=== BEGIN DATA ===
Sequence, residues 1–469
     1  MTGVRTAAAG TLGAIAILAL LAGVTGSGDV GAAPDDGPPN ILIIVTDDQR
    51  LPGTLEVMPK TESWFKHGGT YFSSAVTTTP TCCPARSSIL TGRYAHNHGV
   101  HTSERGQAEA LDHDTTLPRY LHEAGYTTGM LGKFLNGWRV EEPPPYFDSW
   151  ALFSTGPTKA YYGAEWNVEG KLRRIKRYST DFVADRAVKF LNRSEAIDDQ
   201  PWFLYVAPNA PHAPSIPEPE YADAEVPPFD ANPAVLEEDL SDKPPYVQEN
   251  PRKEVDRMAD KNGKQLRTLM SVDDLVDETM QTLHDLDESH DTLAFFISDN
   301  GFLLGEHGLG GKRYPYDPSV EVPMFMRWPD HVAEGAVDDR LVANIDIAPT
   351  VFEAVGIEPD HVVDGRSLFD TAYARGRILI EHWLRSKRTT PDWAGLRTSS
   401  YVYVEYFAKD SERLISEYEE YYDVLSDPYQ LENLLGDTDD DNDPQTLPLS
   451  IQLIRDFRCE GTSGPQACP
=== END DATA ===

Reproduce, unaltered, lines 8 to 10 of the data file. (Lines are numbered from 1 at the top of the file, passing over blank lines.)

   301  GFLLGEHGLG GKRYPYDPSV EVPMFMRWPD HVAEGAVDDR LVANIDIAPT
   351  VFEAVGIEPD HVVDGRSLFD TAYARGRILI EHWLRSKRTT PDWAGLRTSS
   401  YVYVEYFAKD SERLISEYEE YYDVLSDPYQ LENLLGDTDD DNDPQTLPLS